Schwenck told CPJ in an email that the officer who denied him entry told him he could not enter Turkey because “there was a cross on his name,” without elaborating. He said he had regularly traveled to Turkey to report from the country’s Syrian border without a problem. “It looks as if Turkey decided to change the rules of the game suddenly without giving a warning signal,” Schwenck wrote in his email to CPJ. “I don’t know why.”

On April 20, Kerimov was held at Istanbul’s Atatürk Airport before being denied entry without an immediate explanation, even though he held a valid press card and residency permit, according to press reports. The Russian government-funded broadcaster RT reported that Kerimov was eventually handed a written notice that he was unwelcome in Turkey and was barred from entering. Officials ordered him to leave on the next flight to Moscow. Kerimov’s entry ban comes on the heels of Turkey’s censorship of the Sputnik website by virtue of an “administrative measure,” according to reports.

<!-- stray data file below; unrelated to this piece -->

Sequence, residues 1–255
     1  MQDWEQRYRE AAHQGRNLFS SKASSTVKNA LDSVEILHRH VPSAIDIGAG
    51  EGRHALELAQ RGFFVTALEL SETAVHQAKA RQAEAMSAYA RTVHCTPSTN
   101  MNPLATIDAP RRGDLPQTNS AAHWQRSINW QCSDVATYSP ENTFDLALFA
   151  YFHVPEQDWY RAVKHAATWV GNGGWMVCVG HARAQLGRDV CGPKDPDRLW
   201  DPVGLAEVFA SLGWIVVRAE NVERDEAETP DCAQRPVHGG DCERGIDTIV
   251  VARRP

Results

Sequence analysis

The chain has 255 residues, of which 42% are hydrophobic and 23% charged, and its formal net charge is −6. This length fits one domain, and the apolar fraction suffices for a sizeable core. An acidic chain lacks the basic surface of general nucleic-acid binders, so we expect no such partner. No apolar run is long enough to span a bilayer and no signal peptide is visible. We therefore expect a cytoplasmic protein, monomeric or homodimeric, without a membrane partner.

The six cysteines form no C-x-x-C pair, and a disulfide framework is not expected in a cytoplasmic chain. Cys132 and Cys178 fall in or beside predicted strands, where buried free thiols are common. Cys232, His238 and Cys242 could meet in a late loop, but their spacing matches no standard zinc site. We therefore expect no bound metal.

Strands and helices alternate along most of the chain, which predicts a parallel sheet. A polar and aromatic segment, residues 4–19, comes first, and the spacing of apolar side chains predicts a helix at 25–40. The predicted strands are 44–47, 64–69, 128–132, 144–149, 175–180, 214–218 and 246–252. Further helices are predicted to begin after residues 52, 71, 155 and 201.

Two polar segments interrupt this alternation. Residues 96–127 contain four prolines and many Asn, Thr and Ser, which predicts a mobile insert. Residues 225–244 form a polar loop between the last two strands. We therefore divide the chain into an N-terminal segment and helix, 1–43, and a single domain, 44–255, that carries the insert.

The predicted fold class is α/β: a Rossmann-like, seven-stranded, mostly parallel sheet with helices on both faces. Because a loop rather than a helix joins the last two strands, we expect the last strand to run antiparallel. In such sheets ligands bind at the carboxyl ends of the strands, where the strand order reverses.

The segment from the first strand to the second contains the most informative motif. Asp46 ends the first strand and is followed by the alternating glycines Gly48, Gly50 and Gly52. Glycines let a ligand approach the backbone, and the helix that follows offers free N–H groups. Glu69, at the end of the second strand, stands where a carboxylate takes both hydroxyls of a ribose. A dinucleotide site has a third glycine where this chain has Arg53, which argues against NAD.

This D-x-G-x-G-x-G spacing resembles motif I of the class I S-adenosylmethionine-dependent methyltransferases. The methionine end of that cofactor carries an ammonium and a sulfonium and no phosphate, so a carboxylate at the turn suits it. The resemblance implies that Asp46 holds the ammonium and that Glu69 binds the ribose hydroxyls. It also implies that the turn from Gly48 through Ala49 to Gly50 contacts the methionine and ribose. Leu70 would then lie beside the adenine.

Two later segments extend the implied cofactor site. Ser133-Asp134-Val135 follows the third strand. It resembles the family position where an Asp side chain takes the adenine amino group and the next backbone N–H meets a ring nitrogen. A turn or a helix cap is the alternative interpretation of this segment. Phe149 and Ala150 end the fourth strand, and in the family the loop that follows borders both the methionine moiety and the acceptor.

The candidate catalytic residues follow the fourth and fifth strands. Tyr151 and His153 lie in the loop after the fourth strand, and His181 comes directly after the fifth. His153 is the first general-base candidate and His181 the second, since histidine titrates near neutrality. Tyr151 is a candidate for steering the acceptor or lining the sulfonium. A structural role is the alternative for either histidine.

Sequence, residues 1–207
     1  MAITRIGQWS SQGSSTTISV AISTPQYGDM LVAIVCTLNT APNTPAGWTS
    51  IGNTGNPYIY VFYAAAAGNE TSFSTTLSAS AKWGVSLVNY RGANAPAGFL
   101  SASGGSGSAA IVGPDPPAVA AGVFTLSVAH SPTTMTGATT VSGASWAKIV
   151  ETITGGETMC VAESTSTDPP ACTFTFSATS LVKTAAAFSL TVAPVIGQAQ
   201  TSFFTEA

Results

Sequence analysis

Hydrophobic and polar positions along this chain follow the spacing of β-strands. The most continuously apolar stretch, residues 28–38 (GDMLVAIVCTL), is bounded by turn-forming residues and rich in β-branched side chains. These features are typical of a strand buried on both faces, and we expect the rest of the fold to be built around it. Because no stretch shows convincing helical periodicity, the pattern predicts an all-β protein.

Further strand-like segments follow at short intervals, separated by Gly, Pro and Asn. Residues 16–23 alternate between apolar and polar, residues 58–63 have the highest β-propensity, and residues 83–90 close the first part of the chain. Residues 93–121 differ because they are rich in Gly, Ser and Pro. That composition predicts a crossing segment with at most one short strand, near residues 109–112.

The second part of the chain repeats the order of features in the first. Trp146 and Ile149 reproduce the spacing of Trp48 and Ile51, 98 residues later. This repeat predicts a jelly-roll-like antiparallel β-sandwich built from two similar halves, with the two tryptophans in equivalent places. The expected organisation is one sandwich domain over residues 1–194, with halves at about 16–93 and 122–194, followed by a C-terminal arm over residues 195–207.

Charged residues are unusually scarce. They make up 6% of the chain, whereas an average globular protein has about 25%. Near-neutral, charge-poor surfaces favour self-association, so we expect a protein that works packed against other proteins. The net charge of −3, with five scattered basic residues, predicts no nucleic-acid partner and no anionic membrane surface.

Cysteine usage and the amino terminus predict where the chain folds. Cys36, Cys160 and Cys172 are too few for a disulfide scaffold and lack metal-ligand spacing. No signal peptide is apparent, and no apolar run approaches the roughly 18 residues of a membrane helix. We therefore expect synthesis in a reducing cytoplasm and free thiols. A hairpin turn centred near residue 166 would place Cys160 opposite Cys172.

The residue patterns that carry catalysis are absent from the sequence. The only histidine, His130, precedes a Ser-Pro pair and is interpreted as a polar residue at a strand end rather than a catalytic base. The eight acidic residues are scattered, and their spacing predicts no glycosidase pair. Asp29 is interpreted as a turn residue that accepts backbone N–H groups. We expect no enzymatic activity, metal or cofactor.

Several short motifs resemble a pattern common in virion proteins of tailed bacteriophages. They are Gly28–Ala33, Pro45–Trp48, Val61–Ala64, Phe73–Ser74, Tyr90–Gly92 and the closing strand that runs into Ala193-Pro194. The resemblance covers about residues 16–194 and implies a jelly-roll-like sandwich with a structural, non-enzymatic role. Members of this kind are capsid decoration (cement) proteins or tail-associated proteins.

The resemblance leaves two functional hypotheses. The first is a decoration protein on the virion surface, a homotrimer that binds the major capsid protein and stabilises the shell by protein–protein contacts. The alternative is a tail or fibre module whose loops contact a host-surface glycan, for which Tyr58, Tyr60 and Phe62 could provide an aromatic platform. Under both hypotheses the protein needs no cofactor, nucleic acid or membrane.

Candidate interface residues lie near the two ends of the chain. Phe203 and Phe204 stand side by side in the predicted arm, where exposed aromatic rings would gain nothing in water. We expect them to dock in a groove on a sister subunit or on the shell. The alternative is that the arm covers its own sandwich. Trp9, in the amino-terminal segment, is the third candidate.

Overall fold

On April 24, airport security officials denied entry to Moutafis, a Greek photographer, who was traveling to Libya, via Turkey, on assignment with Bild. The photojournalist had recently published images of the Syrian refugee crisis in various European publications, Germany’s international broadcaster Deutsche Welle reported. He was held at the airport and put on a flight to Athens the next day, according to press reports. In remarks published by Bild, Moutafis said that passport-control officials told him his name “was on a list and [he] was not allowed to enter,” without elaborating.